What things might be considered indispensable in a church assembly?  A small number, really.  Let me suggest a list:

  • Christians
  • Faith
  • Love
  • Hope

When I started that list, I didn’t have anything specific in mind.  The abstractions “faith,” “love,” and “hope” were not meant to come from the apostle Paul’s thought as recorded in 1 Cor. 13, but it’s probably no conceptual accident that those ideas, that he saw as timeless, are the ones that tripped off my fingertips in short succession.

It seems self-evident that if you don’t have Christians—those belonging to, or “of” Christ–you don’t have a Christian assembly.  On to faith. There probably should be some measure of faith among those gathered . . . some level of intellectual/soulful belief in God and in Jesus the Christ as His Son.  We all waver from time to time, not unlike the wireless internet signal in different spots in our house.  Sometimes yellow, with two or three bars, weaker; sometimes four bars, solid green.  But in a gathering of Christians, there must be faith, albeit stronger and weaker in various spots.

Second, as we’ve seen in the letter to Philemon, love and faith may be intertwined in a sort of mishmash directed both toward fellow[1] Christians.  As Greg Fay has suggested, the structure of Philemon verse 5 is beautifully ambiguous:

of the love

and the faith

which you have

toward the Lord Jesus

and for all the saints,

“Love” (1st line) seems to relate structurally/syntactically to “all the saints,” and “faith” relates to “Lord Jesus.”  And yet an ambiguity creeps in by virtue of the syntax:  love and faith are almost amalgamated and directed both to the Lord Jesus and to the saints.  At first consideration, having love in addition to faith toward the Lord Jesus isn’t strange, but it doesn’t seem appropriate to have faith (as well as love) toward the saints. As the message of this letter is clarified, though, we see that perhaps it’s not so inappropriate.  In fact, the partnership of faith (v. 6) is quite a horizontal (saints-oriented) thing, and it is just this communal faith-activity that Paul prays will become effective — in a very specific way to be named later.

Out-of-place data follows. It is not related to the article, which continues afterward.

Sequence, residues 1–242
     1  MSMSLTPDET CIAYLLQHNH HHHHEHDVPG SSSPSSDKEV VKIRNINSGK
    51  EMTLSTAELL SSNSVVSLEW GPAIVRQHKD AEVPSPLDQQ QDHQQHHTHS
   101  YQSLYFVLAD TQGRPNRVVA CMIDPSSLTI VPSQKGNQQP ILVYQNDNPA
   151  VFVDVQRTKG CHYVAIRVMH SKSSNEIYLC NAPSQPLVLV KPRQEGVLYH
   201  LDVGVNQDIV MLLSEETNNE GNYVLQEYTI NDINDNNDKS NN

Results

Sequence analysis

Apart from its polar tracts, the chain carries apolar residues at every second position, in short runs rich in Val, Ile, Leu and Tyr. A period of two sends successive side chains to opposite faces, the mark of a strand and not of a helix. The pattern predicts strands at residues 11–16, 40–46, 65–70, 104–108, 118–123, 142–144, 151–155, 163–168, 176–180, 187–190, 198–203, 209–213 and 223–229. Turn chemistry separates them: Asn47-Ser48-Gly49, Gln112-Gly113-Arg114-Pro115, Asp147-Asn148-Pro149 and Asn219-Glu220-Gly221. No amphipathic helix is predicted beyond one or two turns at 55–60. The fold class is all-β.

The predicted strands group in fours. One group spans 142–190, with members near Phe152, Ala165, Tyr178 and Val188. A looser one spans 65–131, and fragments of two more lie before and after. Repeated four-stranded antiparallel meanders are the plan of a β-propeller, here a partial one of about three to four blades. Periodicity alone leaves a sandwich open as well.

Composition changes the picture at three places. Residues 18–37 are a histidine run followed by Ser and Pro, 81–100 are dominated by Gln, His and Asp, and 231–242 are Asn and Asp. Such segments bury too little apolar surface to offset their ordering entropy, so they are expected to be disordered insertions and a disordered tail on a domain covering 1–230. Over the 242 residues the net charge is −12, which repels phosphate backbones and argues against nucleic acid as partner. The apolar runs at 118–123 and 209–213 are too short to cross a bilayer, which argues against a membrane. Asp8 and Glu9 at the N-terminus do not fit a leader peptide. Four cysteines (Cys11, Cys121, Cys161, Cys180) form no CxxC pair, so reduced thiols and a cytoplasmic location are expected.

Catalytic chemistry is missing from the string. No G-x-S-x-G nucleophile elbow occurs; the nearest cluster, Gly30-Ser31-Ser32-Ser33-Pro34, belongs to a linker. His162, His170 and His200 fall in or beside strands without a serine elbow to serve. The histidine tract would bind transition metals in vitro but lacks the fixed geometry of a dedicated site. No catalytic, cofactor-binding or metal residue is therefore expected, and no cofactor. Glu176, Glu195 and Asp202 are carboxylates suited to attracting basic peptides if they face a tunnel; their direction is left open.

Back to our essentials.  Love and faith are important in Christians—whether when they are gathered together or separate.  What about hope? Frankly, I don’t live with hope at the forefront very much, but it came up in conversation recently, and I’m reminded of the depth of beauty in the concept of hope.  At some level, if we Christians have not hope, we are pitiable, and of course, the Messiah’s resurrection gives cause for ultimate hope.  Somehow, somewhere in the collective energy of the gathered saints, there must be a sense that something better is coming.  Marana tha should still be the cry of our hearts.

And there you have it.  Oh, I know it’s not that simple. Or is it?  . . .

Jesus reduced everything to two commandments, and life seems to sail smoothly when those two commandments steer the ship.  So maybe, just maybe, when 1) gathered Christians have 2) faith, 3) hope, and 3) love, that’s all that is needed, and all the rest falls into place.

[1] Masculine words such as “fellow” are often rejected by modernists/feminists as gender-charged.  Hooey.  It takes a lot more effort to find a suitable, gender-neutral replacement than it’s worth, and the worth of women is not measured by adjectives and pronouns that no longer seem inclusive in English.  For me, “he” and “his” can still be gender-neutral, depending on context.  For the record, I’m including women in my mind when I use the word “fellow.”


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